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When the local government in Xinjiang province dispatched more than 800 Uighur workers to a toy factory here in May, they couldn’t have predicted their fate would blow up into a national crisis. Today, police say two of the Uighur workers were killed and scores more injured in the June 26 events that ignited a firestorm of protest in restive Xinjiang. More mysteriously, some 700 of the original Uighur workers of Shaoguan’s massive electronic toy factory are being held out of sight behind locked gates roughly 10 miles away in an abandoned factory. Their plight, and the lack of quick police action on the initial murders, sparked mass protests and killings on July 5 in the Urumqi, adding the latest cracks in China’s façade of ethnic harmony.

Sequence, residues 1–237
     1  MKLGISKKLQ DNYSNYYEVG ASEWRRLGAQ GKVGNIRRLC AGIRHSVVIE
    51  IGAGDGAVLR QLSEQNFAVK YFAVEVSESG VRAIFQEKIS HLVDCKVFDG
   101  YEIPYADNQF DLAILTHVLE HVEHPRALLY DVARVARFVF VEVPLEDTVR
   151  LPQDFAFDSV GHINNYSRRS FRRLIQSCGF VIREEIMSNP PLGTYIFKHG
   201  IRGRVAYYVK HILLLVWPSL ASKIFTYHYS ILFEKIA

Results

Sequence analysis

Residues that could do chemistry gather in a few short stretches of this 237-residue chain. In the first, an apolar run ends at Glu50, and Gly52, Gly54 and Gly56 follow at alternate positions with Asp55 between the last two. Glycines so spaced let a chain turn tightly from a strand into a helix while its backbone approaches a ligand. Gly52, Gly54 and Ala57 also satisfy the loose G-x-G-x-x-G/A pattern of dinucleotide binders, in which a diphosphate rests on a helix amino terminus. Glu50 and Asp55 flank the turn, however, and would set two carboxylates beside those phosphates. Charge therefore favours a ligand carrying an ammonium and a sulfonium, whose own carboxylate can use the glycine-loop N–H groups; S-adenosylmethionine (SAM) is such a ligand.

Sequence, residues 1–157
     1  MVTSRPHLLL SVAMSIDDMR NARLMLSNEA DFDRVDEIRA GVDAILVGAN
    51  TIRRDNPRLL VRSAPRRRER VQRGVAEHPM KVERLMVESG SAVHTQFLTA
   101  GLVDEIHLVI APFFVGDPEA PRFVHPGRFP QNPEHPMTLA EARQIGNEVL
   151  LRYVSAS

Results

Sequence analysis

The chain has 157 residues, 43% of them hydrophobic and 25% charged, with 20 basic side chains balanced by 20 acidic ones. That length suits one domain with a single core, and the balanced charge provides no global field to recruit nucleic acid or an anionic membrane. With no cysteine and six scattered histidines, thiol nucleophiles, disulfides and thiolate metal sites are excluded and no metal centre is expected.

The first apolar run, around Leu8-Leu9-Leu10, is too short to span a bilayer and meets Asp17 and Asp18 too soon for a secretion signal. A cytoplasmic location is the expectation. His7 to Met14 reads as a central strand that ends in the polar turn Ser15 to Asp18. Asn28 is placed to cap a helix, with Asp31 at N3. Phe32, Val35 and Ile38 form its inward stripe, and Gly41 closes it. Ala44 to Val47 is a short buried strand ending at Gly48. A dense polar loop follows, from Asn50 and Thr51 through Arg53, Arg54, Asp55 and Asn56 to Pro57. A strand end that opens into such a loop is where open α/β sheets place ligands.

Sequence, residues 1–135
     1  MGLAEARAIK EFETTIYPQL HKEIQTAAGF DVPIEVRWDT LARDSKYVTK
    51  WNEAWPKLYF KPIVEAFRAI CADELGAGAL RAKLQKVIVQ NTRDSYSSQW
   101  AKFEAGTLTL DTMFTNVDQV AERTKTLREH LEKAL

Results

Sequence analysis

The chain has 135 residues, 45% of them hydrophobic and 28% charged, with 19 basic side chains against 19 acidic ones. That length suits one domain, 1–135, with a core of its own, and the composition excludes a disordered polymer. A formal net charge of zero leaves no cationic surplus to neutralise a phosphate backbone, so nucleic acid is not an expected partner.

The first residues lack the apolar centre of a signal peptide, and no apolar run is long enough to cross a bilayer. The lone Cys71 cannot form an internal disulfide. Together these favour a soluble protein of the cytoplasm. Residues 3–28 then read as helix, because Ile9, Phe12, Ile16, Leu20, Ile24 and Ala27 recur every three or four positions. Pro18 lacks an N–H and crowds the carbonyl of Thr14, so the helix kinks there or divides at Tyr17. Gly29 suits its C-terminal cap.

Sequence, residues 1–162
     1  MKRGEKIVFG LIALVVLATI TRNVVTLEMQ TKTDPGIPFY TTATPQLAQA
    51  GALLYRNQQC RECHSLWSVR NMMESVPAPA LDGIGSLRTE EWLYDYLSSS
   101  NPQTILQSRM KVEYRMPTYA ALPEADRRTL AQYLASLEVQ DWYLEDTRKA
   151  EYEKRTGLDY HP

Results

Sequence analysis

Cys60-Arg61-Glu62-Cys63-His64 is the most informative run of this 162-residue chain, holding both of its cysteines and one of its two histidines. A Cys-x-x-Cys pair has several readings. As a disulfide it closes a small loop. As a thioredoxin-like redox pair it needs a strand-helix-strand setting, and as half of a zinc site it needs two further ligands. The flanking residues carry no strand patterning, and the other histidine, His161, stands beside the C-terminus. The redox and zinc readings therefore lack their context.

“The Uighurs are like wild men,” said Li Xiaoming, a factory worker from Sichuan province. “They carry knives and steal things, they never do what the bosses tell them.” His comment is par for the course among Han Chinese factory workers and locals across the manufacturing region. Most Han migrant workers in these parts, with little exposure to the outside world themselves, appear to have deep-rooted bias about Uighurs and what they might do. They appreciate the Uighurs’ dancing and food, but don’t trust them. “I think it’s possible they raped a girl,” said one factory worker outside an Internet café. “They made people nervous. They didn’t speak Chinese.”
Read the full article on the Far Eastern Economics Review.